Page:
Before even thinking of treatment or cure for high cholesterol, it would be best to settle with prevention. You can always avoid getting health complications. For high cholesterol, one primary way to prevent having high cholesterol is a lifestyle change.
Lose some fats
Establish physical activity
Avoid living a sedentary life. Establish or create a physical activity that can make you move. If you are working at home or is always in front of the desk working, there are other creative ways you can intercept in between to establish a movement or physical activity.
Exercising is the best way to establish physical activities and lose fats in the process. You can start by walking a few steps until you can walk 10,000 steps a day to lose some pounds, and thus, lower cholesterol levels. You can also go for a minimum of 30-minute exercise daily.
Following a healthy diet
Eat only healthy food, specifically a heart-healthy diet. You can get it from plant-based foods, such as vegetables and fruits. That said, you should also limit your saturated fats from dairy and meat products. You should also limit your trans fats intake that you can get through processed foods.
It could be a cliché, but one way to lower the bad cholesterol is to stop smoking or don’t smoke at all. The smoke from the cigarettes can increase the levels of the bad cholesterol (LDL) and the triglycerides or the blood fat. When that happens, plaques build-up that can cause a blockage in the arteries.
Avoid drinking high-calorie content alcoholic drinks
Drinking a high-calorie content of alcoholic drinks or beverages can also increase the levels of cholesterol. So, if you are a massive drinker, avoid those with high calories or simply avoid drinking alcoholic drinks or liquors.
You can start by eating healthy food or observing a proper diet. Doing physical activity or exercising is also another way of keeping a healthy lifestyle. By doing so, you are avoiding accumulations or build-up of bad cholesterol. Nonetheless, in cases when your cholesterol level is still high, despite living healthily, your doctor will recommend other options, like medications.
Choices of medications will vary and depend on different factors, such as age, risks, family history, and drug complications or side effects.
These are medications prescribed by a doctor to aid in lowering bad cholesterol levels in the blood. The liver creates cholesterol apart from the food you take. So, when there’s a high level of cholesterol in the body, the statin drugs will stop the liver from making cholesterol through blocking the substance that lets it create.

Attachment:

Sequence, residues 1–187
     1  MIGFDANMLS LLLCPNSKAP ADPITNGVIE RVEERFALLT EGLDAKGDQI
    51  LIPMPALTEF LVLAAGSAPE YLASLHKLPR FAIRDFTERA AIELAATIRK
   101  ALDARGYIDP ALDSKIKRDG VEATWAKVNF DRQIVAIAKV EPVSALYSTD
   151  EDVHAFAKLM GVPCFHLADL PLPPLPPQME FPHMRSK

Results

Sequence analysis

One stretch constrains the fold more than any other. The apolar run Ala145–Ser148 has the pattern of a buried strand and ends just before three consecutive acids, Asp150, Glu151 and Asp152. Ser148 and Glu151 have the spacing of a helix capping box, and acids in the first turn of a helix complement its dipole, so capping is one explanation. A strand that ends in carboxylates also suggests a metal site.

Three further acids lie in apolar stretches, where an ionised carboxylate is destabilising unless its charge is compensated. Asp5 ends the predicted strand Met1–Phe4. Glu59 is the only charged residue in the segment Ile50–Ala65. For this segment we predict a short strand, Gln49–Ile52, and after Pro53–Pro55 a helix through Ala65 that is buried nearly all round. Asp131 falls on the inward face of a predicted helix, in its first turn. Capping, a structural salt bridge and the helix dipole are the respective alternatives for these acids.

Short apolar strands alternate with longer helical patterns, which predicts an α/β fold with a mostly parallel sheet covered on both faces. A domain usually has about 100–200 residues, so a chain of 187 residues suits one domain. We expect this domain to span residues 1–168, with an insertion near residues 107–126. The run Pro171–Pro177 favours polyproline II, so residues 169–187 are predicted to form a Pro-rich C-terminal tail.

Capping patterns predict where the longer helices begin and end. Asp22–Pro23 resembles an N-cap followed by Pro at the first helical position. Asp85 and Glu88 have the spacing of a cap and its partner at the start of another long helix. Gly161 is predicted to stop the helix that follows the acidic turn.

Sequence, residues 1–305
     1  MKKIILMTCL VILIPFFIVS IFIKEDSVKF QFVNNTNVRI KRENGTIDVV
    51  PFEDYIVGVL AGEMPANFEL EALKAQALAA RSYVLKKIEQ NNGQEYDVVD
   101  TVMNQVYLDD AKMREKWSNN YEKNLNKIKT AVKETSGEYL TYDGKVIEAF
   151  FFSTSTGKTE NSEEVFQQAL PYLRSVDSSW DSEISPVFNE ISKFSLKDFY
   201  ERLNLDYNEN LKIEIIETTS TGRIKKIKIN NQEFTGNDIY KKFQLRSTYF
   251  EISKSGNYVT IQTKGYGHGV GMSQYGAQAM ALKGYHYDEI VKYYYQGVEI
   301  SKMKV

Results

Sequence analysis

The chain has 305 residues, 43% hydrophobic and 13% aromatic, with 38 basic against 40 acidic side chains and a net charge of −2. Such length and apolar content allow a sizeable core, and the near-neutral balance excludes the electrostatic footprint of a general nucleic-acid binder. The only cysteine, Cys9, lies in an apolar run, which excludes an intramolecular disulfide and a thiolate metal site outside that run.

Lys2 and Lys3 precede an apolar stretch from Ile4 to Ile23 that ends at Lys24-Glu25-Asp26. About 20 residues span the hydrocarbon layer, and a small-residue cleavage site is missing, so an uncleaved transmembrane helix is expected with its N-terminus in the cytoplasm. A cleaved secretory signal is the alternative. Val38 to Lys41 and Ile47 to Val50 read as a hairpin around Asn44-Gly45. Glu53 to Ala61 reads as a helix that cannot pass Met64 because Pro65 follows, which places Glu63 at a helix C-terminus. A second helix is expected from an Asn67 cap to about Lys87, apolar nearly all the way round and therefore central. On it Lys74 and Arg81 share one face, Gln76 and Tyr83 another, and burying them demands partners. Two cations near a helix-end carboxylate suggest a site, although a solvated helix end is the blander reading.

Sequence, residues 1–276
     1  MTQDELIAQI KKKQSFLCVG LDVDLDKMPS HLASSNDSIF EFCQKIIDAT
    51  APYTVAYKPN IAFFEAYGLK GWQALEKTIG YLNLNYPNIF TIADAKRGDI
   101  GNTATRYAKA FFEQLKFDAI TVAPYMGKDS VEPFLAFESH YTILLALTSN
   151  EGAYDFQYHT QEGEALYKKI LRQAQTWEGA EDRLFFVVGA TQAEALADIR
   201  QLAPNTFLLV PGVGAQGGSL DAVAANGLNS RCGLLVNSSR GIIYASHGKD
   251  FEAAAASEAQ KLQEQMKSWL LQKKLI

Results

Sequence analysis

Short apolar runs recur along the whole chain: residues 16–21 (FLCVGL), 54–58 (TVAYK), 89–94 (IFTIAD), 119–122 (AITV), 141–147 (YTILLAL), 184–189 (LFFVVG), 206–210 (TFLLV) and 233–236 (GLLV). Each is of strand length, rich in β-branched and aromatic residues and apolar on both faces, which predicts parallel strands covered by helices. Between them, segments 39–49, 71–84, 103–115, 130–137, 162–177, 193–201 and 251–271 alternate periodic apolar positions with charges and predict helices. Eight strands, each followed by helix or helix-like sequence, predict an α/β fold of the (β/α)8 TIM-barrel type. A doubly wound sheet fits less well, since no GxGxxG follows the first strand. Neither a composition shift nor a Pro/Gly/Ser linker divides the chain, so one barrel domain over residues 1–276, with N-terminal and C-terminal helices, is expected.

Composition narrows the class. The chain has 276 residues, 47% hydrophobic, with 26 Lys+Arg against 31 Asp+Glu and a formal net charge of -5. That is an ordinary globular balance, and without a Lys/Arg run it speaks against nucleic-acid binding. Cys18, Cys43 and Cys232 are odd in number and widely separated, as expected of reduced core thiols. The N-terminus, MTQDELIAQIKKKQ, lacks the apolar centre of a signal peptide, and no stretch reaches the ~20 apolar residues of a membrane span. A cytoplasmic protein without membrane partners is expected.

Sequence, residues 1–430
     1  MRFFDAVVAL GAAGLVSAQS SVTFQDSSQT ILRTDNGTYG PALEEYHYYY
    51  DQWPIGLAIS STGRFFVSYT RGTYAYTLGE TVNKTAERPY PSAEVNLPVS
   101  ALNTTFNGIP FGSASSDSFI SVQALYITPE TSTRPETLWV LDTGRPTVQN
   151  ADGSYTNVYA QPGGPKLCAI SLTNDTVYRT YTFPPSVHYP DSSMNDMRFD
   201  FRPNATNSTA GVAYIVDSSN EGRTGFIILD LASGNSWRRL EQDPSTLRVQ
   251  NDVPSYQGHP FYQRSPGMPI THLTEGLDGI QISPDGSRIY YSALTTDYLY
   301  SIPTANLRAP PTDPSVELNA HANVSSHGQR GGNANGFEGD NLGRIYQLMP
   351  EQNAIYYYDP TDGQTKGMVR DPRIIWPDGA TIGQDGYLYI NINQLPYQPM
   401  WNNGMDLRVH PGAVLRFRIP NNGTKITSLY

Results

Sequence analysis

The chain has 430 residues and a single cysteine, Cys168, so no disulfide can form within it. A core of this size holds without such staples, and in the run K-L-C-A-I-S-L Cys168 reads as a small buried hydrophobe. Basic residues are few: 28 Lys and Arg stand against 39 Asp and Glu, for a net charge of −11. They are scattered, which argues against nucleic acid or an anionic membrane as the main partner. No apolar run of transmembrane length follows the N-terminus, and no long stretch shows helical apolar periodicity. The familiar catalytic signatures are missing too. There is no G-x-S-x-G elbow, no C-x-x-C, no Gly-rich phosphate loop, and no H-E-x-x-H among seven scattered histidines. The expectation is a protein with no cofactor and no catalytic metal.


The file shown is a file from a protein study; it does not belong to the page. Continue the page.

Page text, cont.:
By doing so, the liver will eliminate the cholesterol from the blood. These drugs can help correct malfunction in the process due to excess in fats by returning it to its normal function. Thus, preventing coronary artery disease or heart-related illnesses. Therefore, prevent coronary heart disease or heart-related diseases.
Aside from statin drugs, other medications are also available to aid in correcting or lowering the high level of bad cholesterol. Other medications include bile-acid-binding resins that will let the liver use the excess cholesterol in making bile acids indirectly. Thus, when more cholesterol from the liver gets used in creating bile acids, the cholesterol level will reduce or decrease in the blood.
There are also what they call as cholesterol absorption inhibitors. These drugs can help in the absorption of cholesterol into the small intestine from the diet. Once absorbed, the small intestine will then release the cholesterol into the blood screen. Thus, limiting the dietary cholesterol absorption in the body.
Under the skin injection
New inhibitor drugs can also help in lowering LDL cholesterol levels through injecting the PCSK9 drugs (inhibitors) under the skin. The patient can also self-administered the injection.
Medications in lowering triglycerides, contain by Very Low-Density Lipoprotein (VLDL), are also available for prescriptions. However, there are some over-the-counter medications too that your doctor will advise you to get or prescribed. The omega-3 fatty acid supplements can also aid in lowering the level of triglycerides.
How to monitor cholesterol levels?
One best way to monitor and manage your cholesterol level is to have a blood test. Your doctor will provide the schedule for your appointment. Nevertheless, here are a few tips before going to your doctor.
- Write down any symptoms that you felt or noticed
- Include cases of history of high cholesterol levels or cholesterol-related diseases, such as diabetes, stroke, heart attack, and others, in the family
- Take note of all the medications, including supplements you are taking
- List down some questions for your doctor
While setting up the appointment, you should ask your doctor if there’s anything that you need to do prior to the blood test, like not eating for how many hours before the test or if you need to fast for how many hours before the exam. Normally, the doctor or his secretary will tell you about the steps before the test.
Cholesterol is not totally bad. Hence, there’s good cholesterol and bad cholesterol. You need to have a sufficient amount of good cholesterol to help in the proper function of the body.
The good cholesterol, technically called as High-Density Lipoprotein (HDL), aids in the creation of hormones and other essential nutrients, including vitamin D, the body needs to function properly and effectively. It’s the bad cholesterol, or Low-Density Lipoprotein (LDL) is what you need to avoid.
It is important to control the level of cholesterol in the body to avoid plaque build-up that can lead to the impediment of oxygen-carrying blood in the arteries. When a blockage occurs, arterial problems will happen. The arteries flow blood, which contains proteins and cholesterol, to the coronary, brain, and other parts of the body. Living a healthy lifestyle can greatly help in keeping our cholesterol level at its best.